Friday, April 20, 2007

Rocky Mountain Cold [CCR]

Here I sit in California again trying to figure out how I am going to adjust my time schedule for the week and then torture myself again Friday. My day started at 4:00 AM Eastern Time and won’t end before 10:00 PM Pacific Time. It would not be so bad except the trip out here seems to take forever. The only break is a look at the snow peaked Rockies and a short stop in Salt Lake City. It is a wonder to see from a distance.

We didn’t see any snow capped mountains growing up in Alabama. Granted we saw snow, but that snow was shared among all of us in the hills of Colbert County and down near the river valley. Comfort lay in the fact that the snow was only temporary and life would return to normal in a day or two. The ice was our dreaded enemy.

That evil mixture of air and water that lays between the frozen solidity of snow and the wet splash of rain would leave a crust of ice. We saw it fall as either sleet or freezing rain. Either way we heard the sound of limbs cracking under the weight of ice. Only luck would determine if we kept our electricity. And then an equal amount of luck determined the extent of damage and how long before power was restored to the countryside.

We culled samples of both the dry wood to heat the fire and green wood to make the fire last. Between the two samples we kept the wood heater burning and the house warm. I ventured out to either replenish the wood box or empty the ashes from the stove tray.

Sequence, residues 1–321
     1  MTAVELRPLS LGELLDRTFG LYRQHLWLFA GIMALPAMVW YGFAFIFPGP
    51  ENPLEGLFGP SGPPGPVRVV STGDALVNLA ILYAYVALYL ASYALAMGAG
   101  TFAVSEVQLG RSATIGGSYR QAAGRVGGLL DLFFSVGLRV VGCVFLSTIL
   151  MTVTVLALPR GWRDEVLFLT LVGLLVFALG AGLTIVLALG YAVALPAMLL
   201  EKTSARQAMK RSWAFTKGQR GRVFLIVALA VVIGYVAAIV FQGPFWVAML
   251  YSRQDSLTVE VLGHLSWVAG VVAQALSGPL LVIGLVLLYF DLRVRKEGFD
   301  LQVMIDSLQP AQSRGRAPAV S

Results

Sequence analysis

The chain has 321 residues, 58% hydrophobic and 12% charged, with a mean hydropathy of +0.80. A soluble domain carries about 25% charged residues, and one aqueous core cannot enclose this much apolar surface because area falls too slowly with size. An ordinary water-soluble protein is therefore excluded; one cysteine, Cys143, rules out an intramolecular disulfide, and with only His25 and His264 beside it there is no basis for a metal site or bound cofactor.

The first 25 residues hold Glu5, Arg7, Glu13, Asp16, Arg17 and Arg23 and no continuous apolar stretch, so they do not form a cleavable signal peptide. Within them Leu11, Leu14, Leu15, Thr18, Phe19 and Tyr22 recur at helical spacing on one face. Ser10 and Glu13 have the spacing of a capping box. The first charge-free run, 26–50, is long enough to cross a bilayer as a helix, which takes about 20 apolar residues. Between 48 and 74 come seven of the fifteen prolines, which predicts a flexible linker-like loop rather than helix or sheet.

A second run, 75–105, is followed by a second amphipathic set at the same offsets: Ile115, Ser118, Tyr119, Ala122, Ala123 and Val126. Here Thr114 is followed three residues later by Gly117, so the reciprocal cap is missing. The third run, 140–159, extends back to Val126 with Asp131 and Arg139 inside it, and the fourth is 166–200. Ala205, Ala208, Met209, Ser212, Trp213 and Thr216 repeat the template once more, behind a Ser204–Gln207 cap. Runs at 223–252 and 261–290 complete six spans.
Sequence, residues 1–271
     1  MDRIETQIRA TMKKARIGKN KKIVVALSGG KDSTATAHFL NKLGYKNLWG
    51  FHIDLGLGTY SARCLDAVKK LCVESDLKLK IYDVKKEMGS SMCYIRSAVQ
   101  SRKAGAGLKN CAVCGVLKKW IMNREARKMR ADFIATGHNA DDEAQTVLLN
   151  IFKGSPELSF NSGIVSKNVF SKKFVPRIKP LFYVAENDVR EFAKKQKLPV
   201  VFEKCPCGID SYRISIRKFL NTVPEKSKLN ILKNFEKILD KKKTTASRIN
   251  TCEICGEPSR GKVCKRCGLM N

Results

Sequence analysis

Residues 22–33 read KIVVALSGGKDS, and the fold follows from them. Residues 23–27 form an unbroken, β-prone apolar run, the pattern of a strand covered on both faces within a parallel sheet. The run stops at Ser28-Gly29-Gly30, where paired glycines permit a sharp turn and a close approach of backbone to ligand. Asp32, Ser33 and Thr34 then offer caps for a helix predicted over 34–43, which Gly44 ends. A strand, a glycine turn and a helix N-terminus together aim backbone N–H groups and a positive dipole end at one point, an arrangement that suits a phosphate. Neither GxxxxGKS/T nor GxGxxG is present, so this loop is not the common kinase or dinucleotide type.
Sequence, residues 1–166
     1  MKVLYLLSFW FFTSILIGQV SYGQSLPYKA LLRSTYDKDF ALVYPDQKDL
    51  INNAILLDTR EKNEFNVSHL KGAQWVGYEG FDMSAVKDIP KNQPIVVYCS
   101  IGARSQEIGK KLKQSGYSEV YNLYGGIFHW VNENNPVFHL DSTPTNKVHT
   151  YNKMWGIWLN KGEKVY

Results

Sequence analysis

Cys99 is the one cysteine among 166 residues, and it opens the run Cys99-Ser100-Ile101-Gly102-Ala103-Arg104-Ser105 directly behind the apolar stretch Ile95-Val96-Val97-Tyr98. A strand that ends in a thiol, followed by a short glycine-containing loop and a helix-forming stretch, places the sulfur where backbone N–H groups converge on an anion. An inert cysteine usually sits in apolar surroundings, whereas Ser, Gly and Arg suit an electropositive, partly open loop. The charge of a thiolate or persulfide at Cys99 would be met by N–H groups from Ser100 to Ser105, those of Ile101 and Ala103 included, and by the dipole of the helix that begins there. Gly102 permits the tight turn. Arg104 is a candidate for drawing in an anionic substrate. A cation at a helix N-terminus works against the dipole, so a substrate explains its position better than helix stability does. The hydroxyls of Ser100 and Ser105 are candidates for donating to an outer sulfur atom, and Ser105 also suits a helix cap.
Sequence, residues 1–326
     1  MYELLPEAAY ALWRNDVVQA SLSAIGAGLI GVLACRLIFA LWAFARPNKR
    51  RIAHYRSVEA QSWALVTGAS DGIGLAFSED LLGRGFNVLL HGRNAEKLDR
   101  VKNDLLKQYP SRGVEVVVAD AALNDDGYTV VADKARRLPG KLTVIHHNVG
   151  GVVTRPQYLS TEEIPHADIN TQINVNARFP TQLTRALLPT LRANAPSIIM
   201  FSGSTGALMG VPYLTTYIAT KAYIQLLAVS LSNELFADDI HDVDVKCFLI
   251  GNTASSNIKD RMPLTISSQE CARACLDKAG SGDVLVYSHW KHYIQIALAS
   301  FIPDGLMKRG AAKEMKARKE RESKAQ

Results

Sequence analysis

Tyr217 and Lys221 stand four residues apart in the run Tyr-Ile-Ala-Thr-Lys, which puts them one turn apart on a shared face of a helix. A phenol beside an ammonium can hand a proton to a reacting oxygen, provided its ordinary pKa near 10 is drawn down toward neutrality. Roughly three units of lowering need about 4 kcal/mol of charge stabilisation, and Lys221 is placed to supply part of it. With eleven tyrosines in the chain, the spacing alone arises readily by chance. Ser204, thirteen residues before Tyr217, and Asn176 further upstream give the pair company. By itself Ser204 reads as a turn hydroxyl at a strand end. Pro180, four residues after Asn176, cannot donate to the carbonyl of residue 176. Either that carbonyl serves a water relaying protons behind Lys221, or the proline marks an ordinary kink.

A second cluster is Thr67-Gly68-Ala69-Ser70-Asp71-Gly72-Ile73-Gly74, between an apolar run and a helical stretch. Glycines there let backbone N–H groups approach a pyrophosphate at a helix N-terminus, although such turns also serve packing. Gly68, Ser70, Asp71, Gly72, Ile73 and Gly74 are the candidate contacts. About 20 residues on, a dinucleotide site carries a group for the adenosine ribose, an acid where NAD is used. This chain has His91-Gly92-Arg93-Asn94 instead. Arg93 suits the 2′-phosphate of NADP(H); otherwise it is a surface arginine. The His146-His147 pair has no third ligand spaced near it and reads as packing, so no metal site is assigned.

People often snuggled beneath the roasting warmth of their electric blankets. Not in my case. I hate to say it, but I made the prohibition of such blankets a part of my life. As a child we had electric blankets until one night lightning found its way to my blanket and gave me a buzz I won’t forget. For me those cold nights meant snuggling into a pile of quilts and curling into a warm ball. By now, even if a blanket were double sure safe, the nostalgia of the quilts prevent my return to artificial heat.

With quilts keeping my bed warm I would cover my head and hear the fan on the wood heater blowing comfort throughout the house while the electricity lasted. I always dreaded venturing out the next morning to feel the cool air. Once out of bed you hurried to get dressed. If the electricity had died through the night you hurried to the bath hoping to get a last drop of hot water. If the hot water was gone, maybe you could warm some on the stove once the fire was roaring again.

Today I travel through Ohio and see older homes with fireplaces. I know how cold winter gets in Ohio and I wonder how these folks made it through their winters. Just the thought of how cold it would be without our modern creature comforts makes me long for home. Now you know why my return flight over the Rockies may be just as beautiful from a distance, but I have no desire to get a closer look. I’ll take my week here in Orange County and enjoy the warmth and hope that Ohio has actually found spring before my return.